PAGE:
Great Advice from One of the Greats

I am a very lucky girl. Part of the reason for this is that I meet amazing people – people with whom I connect and often greatly admire – everywhere I go, many of whom I now call friends.

On Wednesday, I had the great fortune to meet a running elite – Dick Beardsley. If you aren’t familiar with his story, you should be. He’s best known for his infamous ‘Duel in the Sun‘ with Alberto Salazar in the 1982 Boston Marathon among many other running accomplishemnts and records that stand today. Although definitely a highlight of his presentation, this wasn’t necessarily the most notable thing I took away from his words.

Following a more than impressive professional running career, Dick returned home to Minnesota to live on his farm with his family. Within only a few years, he endured a number of setbacks – a near deadly farm machinary accident, a devastating car accident, being struck by a truck while out for a run, falling off a cliff while hiking, and lastly - but certainly not least detrimentally – an addiction to pain killers.

All of these misfortunes amounted to numerous hospital visits, some for 20+ surgeries, and what I can only imagine must have been the harshest reality of drug withdrawal and recovery. No matter how significant his ordeal or how long he was unable to run, he always returned to it and even said he enjoys it more now than during the height of his professional career.

What a life! And what an amazing spirit he has! And he had many, many anecdotes of people he’d met, some with whom he’s developed life-long relationships, along the way. I listened intently, laughed loudly, smiled often, felt lumps in my throat, ‘Awwwed’ to myself.

Even my greatest running accomplishments pale in comparison to what Dick would consider a bad run. I will likely never achieve a running goal anywhere near the caliber of even one of Dick’s career feats. Still, I thought of parallel points in my own running - wins and losses - as I heard stories of his; and I knew exactly what the feelings they evoked were like.

And as I listened, Dick made me want to try to be gutsier, to run harder, to be bigger and a better runner, to be more.

He is 16 years sober and never takes a single day of it for granted. He and his wife Jill even founded the Dick Beardsley Foundation in 2007 to encourage young people to lead healthy lifestyles and to promote chemical dependency education. All proceeds – 100% – from purchases from either the Foundation or Dick’s website go directly to the Foundation to fund these efforts. He’ll even autograph a book for you!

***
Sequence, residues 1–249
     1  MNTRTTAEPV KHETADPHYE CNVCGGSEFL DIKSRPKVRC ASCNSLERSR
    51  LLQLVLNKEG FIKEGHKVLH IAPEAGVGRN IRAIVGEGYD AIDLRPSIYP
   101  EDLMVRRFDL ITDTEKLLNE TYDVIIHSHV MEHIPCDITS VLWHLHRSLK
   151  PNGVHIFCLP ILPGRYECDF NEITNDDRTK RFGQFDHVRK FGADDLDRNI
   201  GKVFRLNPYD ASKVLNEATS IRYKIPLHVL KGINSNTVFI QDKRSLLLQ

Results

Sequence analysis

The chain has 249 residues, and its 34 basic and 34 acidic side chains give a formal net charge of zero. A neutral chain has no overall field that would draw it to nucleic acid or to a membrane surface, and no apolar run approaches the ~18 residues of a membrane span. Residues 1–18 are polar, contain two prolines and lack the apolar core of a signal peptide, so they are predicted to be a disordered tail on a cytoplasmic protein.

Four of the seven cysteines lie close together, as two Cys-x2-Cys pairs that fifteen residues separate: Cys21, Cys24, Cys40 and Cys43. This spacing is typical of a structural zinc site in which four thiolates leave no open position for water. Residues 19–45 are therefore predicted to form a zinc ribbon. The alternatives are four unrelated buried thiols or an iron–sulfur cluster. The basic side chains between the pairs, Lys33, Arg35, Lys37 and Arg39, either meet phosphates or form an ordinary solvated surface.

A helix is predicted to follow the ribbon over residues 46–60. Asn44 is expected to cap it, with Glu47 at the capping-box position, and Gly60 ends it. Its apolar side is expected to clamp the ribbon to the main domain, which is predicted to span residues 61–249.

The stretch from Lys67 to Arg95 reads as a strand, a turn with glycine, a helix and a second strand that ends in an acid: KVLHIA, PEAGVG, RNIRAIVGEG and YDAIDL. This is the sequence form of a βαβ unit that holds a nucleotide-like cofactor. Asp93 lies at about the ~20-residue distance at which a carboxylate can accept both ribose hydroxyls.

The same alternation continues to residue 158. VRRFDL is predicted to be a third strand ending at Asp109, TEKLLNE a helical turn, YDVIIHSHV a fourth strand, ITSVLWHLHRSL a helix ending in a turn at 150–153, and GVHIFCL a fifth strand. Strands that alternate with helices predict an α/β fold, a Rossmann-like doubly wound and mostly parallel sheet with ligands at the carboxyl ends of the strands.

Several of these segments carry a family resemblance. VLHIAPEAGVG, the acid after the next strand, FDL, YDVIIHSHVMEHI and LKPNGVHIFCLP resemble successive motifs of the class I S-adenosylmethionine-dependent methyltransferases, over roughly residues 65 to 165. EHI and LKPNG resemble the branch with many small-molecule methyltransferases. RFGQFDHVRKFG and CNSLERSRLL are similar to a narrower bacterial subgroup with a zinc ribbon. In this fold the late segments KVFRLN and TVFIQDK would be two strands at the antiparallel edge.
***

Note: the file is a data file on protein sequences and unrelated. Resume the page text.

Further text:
As if all of this - merely a fraction of Dick’s presentation – wasn’t inspirational enough, he concluded with a bit of advice: “I’ll leave you with four things. Every day, I try to wake with a smile on my face, enthusiasm in my voice, joy in my heart, and faith in my soul.”

He was, of course, generous with his time to sign autographs for everyone and even to pose for a few pics for for what was surely over an hour following his two-hour presentation. And, of course, we took full advantage of it! I mean, it’s not like it’s every day that us average runners have a conversation with a running legend!

One for the record books!

One for the record books!

How could we possibly end such an already awesome night? I’m glad you asked. We went for a run. We went just a quick 4 miles around campus, but I think it was the most awesome four miles ever. How could we not be motivated for a run after all of this?

As much as I would love such a life, I may never be well known enough a runner to write books profiling my career, to travel the country sharing motivational words gained through one-of-a-kind experience, to inspire runners and non-athletes alike with my running ambitions and accomplishments.

Still, I have a great life, make amazing connections with others, love to run. I have a lot in common with Dick Beardsley. If I can wake with a smile on my face, enthusiasm in my voice, joy in my heart, and faith in my soul, I’ll consider myself a success too.

Melissa Mincic, Ph.D., studies child development at the University of North Carolina at Chapel Hill and is a long-time road and trail runner. Follow Melissa on Twitter at @nerdinrunshoes.

4 thoughts on “Great Advice from One of the Greats

  1. Hi Melissa. DickB. was an inspiring speaker, wasn’t he? I enjoyed your write-up. Dave and I had him sign posters and a book for us. After we left, I realized we forgot to get a picture with him. Darn! I’m glad you did!

  2. Thanks for the post and thanks for reading, Denise! He was a great speaker. Melissa and I got signed posters and books too. Love that all proceeds from his book sales go directly to his foundation – So selfless!

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